I and the Bird

This marvelous month of May is marked primarily by motion. Change is in the air as blossoms bloom, trees leaf, and critters of every species and stripe scramble to and fro in frantic preparation for quick conjugation followed by the pleasures of parenthood. At least that’s how it goes down throughout most of the Northern Hemisphere. Folks south of the equator are observing an equally impressive race to wintering grounds.

The key verb for the month is migrate, which in this context means to pass periodically from one region or climate to another. Note that birds are not said to emigrate or immigrate as these terms imply movement between home and foreign countries. No, migratory birds are cosmopolitan creatures as at home in the tropics as they are in the arctic. However, no one can call this annual exodus aimless. With notable, extremely exciting exceptions, each migrant appears to traverse hundreds or thousands of miles across flyways and byways to arrive exactly where it belongs. If they didn’t, they’d be called vagrants. Most migrants move with purpose, which makes one wonder why migrate is considered synonymous with wander.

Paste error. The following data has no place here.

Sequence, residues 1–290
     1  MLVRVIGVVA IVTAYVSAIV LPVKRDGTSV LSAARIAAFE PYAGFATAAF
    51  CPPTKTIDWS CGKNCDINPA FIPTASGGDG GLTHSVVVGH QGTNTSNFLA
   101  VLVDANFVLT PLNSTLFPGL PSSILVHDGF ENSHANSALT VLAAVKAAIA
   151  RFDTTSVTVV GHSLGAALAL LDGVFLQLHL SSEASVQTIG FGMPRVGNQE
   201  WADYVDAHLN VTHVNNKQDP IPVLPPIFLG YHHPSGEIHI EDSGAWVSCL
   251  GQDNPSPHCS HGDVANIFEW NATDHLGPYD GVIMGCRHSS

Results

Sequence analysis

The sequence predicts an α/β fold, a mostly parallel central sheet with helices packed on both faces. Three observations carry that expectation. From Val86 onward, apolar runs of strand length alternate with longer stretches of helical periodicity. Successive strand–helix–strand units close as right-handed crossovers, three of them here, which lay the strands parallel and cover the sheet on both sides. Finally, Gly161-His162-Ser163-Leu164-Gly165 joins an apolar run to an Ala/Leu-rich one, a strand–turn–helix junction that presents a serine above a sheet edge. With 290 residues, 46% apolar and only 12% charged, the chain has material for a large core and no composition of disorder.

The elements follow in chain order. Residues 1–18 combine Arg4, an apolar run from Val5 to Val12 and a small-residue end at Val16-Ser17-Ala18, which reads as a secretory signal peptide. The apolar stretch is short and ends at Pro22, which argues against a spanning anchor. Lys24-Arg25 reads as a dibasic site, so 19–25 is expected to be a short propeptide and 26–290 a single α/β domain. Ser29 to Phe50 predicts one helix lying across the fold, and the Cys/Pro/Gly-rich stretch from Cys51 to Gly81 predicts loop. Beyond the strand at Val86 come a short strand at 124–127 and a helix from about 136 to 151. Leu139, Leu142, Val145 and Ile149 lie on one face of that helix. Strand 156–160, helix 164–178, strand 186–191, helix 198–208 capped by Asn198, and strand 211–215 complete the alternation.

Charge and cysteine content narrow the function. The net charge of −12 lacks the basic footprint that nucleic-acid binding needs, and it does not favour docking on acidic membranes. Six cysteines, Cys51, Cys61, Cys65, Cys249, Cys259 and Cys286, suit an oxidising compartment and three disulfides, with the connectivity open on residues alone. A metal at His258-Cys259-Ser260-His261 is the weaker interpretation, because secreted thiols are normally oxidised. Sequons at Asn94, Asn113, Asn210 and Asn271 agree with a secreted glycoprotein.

To wander is to ramble without a definite purpose or objective. Birders may roam aimlessly, indirectly, or casually but most birds simply can’t afford to. Too bad, really, because meandering can be marvelous particularly when one makes the most of her wandering. The one I’m thinking of here is Weeta, Wanderin’ Weeta that is. Such is the nom de blog of Susannah, a splendid nature blogger out of British Columbia. Wanderin’ Weeta tackles waterfowl and weeds along with a wealth of other travels, traipses, and gallivants. She’s also attuned to what is welcome at the end of one’s wanderings: a party! Check out her entertaining edition of I and the Bird #76 titled Party at Uncle Merl’s.

Where have you been, friend? Where are you headed and more important, will there be birds there? How about blogging about your wandering ways and sharing your sightings with the I and the Bird community? Our next edition will be hosted by the ever-so-clever Carrie of Great Auk – or Greatest Auk?. Be a part of it by sending your link and summary to me or Carrie (labenc AT gmail DOT com) by June 10 for the 6/12 edition.

Written by Mike
Mike is a leading authority in the field of standardized test preparation, but he's also a traveler who fully expects to see every bird in the world. Besides founding 10,000 Birds in 2003, Mike has also created a number of other entertaining but now extirpated nature blog resources, particularly the Nature Blog Network and I and the Bird.